New-home sales fall, reflecting broader industry trends

In another sign of ongoing slowing homebuilder and originations activity, new-home purchase mortgages dropped for the fourth consecutive month in July, with sales estimated to be at their slowest in over two years, according to the Mortgage Bankers Association.

The fall in purchase applications for new homes “is consistent with data on declining homebuilder sentiment and slowing permitting activity for new construction,” said Joel Kan, MBA’s associate vice president of economic and industry forecasting, in a press release.

The association’s July Builder Application Survey indicated new home purchases dropped by 16.1% on an annual basis and 7% compared to newly revised June numbers. Results are not seasonally adjusted. 

Based on the current trends, the MBA now estimates seasonally adjusted new single-family-home sales coming in at a yearly pace of 591,000 units, the slowest rate since April 2020, when COVID-19 suspended business activity across most of the country. The number represents a 2.6% decrease from June’s revised estimate of 607,000. The association also determined that the total of new home sales in July tumbled 10.7% to 50,000 from 56,000 in June. 

“Mortgage applications to purchase newly built homes weakened in July, as prospective home buyers continue to delay decisions because of economic uncertainty and still-high home prices and mortgage rates,” Kan said. 

The MBA’s July findings come after recent reports from several groups that pointed to slowing growth volumes confronting not just builders, but the real estate community at large. 

Overall home sales declined 19.3% year over year to 501,000 in July — their lowest point since 2020, according to research from online real estate brokerage Redfin. It was the largest annual drop in sales in over a year. Compared to June activity, home sales dipped 4.1%, a sixth-straight monthly decline.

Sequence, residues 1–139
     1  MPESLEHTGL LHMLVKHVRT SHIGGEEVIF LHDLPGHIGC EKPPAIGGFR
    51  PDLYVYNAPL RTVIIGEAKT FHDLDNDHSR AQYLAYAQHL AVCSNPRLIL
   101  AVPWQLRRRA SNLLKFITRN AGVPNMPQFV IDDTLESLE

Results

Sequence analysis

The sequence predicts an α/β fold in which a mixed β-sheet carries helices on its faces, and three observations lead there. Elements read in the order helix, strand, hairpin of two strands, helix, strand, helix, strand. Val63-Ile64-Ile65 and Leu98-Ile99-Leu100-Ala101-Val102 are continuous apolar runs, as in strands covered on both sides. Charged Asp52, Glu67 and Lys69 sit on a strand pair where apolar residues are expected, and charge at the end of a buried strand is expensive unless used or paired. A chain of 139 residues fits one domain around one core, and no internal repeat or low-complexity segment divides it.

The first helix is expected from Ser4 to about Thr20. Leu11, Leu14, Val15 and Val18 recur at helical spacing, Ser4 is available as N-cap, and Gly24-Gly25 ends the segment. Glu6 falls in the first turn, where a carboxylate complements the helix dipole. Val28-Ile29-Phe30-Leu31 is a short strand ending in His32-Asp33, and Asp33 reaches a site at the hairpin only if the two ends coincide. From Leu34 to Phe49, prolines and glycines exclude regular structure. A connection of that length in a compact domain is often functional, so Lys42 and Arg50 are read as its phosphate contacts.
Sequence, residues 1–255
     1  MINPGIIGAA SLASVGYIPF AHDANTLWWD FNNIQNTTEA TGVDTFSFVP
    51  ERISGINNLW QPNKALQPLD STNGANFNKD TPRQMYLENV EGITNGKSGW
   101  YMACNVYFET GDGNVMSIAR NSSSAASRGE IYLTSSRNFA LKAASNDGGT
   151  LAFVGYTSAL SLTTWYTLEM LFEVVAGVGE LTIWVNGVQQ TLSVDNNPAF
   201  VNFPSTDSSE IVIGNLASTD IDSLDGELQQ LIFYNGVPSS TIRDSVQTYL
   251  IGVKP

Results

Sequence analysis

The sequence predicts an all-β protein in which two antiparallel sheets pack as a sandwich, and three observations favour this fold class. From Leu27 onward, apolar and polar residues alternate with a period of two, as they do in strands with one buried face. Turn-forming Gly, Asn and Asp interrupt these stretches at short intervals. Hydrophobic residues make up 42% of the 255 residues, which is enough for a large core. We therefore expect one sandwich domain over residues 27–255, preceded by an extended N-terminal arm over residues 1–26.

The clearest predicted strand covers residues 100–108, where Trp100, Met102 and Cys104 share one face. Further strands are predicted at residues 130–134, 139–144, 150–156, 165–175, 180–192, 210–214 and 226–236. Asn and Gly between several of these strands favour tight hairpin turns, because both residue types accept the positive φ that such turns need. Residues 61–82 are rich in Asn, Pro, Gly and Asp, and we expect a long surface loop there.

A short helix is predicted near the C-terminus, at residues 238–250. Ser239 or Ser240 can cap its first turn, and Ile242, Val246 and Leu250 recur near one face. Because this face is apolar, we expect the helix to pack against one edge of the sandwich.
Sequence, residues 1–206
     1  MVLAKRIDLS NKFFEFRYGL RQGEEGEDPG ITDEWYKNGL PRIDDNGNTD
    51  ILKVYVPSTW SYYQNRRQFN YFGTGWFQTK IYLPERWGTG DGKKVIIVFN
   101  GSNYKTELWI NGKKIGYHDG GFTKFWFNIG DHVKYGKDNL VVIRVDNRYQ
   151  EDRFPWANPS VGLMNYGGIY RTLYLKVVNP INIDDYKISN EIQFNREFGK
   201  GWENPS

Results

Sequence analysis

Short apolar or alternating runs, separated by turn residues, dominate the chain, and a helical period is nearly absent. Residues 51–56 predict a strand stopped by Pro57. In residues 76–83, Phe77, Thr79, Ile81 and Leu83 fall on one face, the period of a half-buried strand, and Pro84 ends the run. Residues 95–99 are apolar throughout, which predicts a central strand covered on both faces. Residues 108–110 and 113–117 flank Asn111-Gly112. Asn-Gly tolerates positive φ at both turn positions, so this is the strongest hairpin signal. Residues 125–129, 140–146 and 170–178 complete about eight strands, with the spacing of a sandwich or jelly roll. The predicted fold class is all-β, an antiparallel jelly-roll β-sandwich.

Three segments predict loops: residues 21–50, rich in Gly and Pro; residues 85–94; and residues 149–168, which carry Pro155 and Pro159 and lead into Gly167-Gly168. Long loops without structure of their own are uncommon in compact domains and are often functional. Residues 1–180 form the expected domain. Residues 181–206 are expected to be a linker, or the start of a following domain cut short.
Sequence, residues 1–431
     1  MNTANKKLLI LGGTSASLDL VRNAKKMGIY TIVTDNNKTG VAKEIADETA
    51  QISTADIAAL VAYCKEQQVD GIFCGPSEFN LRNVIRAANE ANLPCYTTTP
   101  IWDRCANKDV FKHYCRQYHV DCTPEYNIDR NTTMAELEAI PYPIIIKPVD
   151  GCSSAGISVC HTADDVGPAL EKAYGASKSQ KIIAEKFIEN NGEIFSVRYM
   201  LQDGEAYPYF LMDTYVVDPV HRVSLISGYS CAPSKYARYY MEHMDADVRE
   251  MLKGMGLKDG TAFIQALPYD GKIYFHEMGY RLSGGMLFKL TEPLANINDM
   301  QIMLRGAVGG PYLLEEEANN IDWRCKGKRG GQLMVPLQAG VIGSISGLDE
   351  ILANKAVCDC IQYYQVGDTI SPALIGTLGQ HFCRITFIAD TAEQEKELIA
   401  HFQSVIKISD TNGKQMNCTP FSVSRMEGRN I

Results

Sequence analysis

At the same time, the months-long surge in housing costs decelerated, increasing at its slowest pace in over two years in July. The median home price rose by 7.7% on an annual basis after several months of double-digit growth, an indication of diminished buyer demand and purchase competition, the brokerage said. Almost 21% of sellers dropped their asking price, the highest share since at least 2012, when Redfin started tracking the data.

In the MBA survey of builders, the average loan amount for new-home mortgage applications in July slid 1.7% to $416,029 from $423,221 a month earlier. Conventional purchases accounted for 70.7% of the applications. Federal Housing Administration-guaranteed loans made up a 17.7% share, while Department of Veterans Affairs applications totaled 11.4% of all new-construction mortgage activity. New-home loan applications from the U.S. Department of Agriculture’s Rural Housing Service equaled 0.2%.

According to some economists, the outlook for new-property constructions is likely to dim further before a reversal takes place, especially when the MBA’s data is examined alongside numbers released by the U.S. Census Bureau last week showing single-family housing starts declining by 10.1% in July.

“We expect new home construction will continue to decline through the rest of the year amid the higher mortgage-rate environment and significantly lower home-builder confidence,” Fannie Mae Chief Economist Doug Duncan said. 

Recently, the National Association of Home Builders found industry sentiment among its members has fallen to its lowest in over two years as well, with 20% now saying they had lowered prices on newly built properties. Purchase sentiment among consumers also came in at a more than two-year low in July, according to Fannie Mae.